This is our interview with Max Lowenbaum, VP of Sales at Hireology. You can follow Hireology at @Hireology.
Sales Assembly: Give us your quick background in sales.
Max: I have spent the last 13 years in sales and sales leadership. I started selling, but immediately felt a stronger desire to see others on my team achieve and became focused on becoming a leader full time. I was fortunate to be an early Groupon employee, manager and director and owe a lot of my success to the great people I met and worked with during my six years there.
Sales Assembly: What's your biggest accomplishment in sales or sales leadership?
Max: I have been able to work with over 1,500 sales professionals in my time as a leader, and I can honestly say that my relationships with them supersede any individual accomplishments. My wife is a (great) sales person, my Dad is a sales person, my best friends and favorite people are sales people. Everyday I continue to be inspired and energized by the sales people around me, and it is their accomplishments that I am most proud of.
Sales Assembly: What's the best piece of sales advice you ever got?
Max: My dad always says, "attitude is everything," and I think the most common mistake new salespeople make is not focusing on what they can control. People no-show appointments, budgets and timeline changes, but if you show up everyday and consciously try to be the best version of yourself, you always have a shot.
Sales Assembly: What's the biggest challenge facing a sales rep today, and how would you recommend they overcome it?
Max: I think it's standing out. There is no doubt that sales is a numbers game, but automated prospecting systems have made it easier than ever to overwhelm prospects with content. One of our core values at Hireology is "create wow moments" and while part of our focus is to wow our colleagues and make this an amazing place to work, we are constantly pushing our team to wow our prospects. With so much templated outreach, you can stand out by being thoughtful and making it fun to get a cold email or call from you.
Sales Assembly: Do you currently have a sales mentor, or have you ever? If so, what did they teach you?
Max: I am fortunate to have a lot of people who have invested in my career. I already mentioned my Dad, who I talk to everyday. I have also spent the last six years, across two companies, working everyday with Julie Brinkman. Julie is our COO at Hireology and has made an indelible impact on my life and work. The biggest lessons I have learned from Julie are the power of vulnerability, the necessity to trust yourself and to do what you know is right.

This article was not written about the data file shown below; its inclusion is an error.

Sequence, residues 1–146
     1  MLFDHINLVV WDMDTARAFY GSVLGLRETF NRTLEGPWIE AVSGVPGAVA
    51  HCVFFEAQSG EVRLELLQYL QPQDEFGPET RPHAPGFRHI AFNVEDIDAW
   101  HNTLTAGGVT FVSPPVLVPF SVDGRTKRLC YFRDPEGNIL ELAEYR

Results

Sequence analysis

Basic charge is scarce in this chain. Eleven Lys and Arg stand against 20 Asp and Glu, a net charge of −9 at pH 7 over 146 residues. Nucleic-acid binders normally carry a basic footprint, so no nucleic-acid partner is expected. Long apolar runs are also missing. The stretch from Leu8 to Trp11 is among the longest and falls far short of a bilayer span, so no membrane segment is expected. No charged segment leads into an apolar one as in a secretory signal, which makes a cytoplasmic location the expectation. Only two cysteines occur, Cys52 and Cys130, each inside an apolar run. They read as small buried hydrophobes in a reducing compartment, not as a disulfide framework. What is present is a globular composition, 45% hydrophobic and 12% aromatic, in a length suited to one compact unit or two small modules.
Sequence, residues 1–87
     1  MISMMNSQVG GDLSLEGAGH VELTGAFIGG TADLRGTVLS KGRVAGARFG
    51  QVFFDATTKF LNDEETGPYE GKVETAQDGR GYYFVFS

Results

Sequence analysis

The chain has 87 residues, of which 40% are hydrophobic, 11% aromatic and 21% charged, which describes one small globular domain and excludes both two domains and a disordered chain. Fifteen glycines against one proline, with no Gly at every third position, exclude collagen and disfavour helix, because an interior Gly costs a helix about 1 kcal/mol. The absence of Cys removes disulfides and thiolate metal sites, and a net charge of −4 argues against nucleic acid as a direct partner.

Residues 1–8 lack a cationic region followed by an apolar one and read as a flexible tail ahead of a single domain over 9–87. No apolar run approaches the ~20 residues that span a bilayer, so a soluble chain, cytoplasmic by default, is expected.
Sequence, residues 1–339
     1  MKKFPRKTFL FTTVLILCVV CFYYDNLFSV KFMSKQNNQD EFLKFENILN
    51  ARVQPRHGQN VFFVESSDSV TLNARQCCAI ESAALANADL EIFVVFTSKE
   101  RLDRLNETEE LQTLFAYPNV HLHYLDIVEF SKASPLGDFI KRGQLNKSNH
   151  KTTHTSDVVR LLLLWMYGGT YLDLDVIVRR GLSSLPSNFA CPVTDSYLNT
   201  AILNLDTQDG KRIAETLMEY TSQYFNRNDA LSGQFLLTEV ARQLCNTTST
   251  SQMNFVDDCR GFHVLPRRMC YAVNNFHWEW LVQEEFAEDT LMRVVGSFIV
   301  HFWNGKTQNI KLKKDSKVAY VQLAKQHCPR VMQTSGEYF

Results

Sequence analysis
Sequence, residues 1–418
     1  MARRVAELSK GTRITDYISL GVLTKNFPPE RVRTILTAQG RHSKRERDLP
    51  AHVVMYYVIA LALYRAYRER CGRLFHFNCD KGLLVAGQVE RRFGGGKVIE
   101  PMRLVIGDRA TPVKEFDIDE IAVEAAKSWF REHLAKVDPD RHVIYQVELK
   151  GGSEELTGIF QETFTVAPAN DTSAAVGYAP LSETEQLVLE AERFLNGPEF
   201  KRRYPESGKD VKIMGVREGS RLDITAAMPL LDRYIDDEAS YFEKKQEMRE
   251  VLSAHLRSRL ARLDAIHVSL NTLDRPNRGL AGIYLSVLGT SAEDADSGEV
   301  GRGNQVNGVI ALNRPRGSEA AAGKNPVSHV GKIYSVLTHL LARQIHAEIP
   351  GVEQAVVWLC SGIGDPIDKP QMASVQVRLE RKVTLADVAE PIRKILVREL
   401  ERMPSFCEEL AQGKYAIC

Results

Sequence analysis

Sales Assembly: What's the best sales book you've ever read? What are you reading now?
Max: I really like The Sales Acceleration Formula, by Mark Roberge. I am currently reading Thinking in Bets by Annie Duke.
Sales Assembly: Best sales or business related books, articles, podcasts or newsletters?
Max: Jeff Brandwein, one of our sales managers, has a blog called Wake Up! It's Day One. It's incredible and so is he.
Sales Assembly: What's the best advice you'd give to someone just starting a career in sales?
Max: Take some time to understand why you want to sell, boil it down to a word or sentence that really means a lot to you. Print it and put it in places where you will see it to remind you to stay driven and focused on your why, especially after bad days, weeks and even months.
Sales Assembly: Do you see any interesting future trends as it pertains to sales?
Max: I still think getting in front of prospects is crucial. I love tech, but what I love even more is momentum. There is no better way to get someone really thinking about buying your product than getting in front of them without distractions. Then you can listen to them, read their body language and hopefully create some momentum to move the deal forward before the meeting is over.
Sales Assembly: What is one of your favorite interview questions, and how would you answer it?
Max: We have a question in the Hireology system that is: "What is one misperception people have about you?" It can be pretty awkward to ask, but is really telling, and I always appreciate candidates that answer it and show some vulnerability. I think the biggest misperception about me is that I have it all figured out. When I first started as a sales leader, I thought I always had to be "on" and polished. Over time, I realized that it's OK to be scared, nervous or even wrong. It is in those moments that I have grown the most.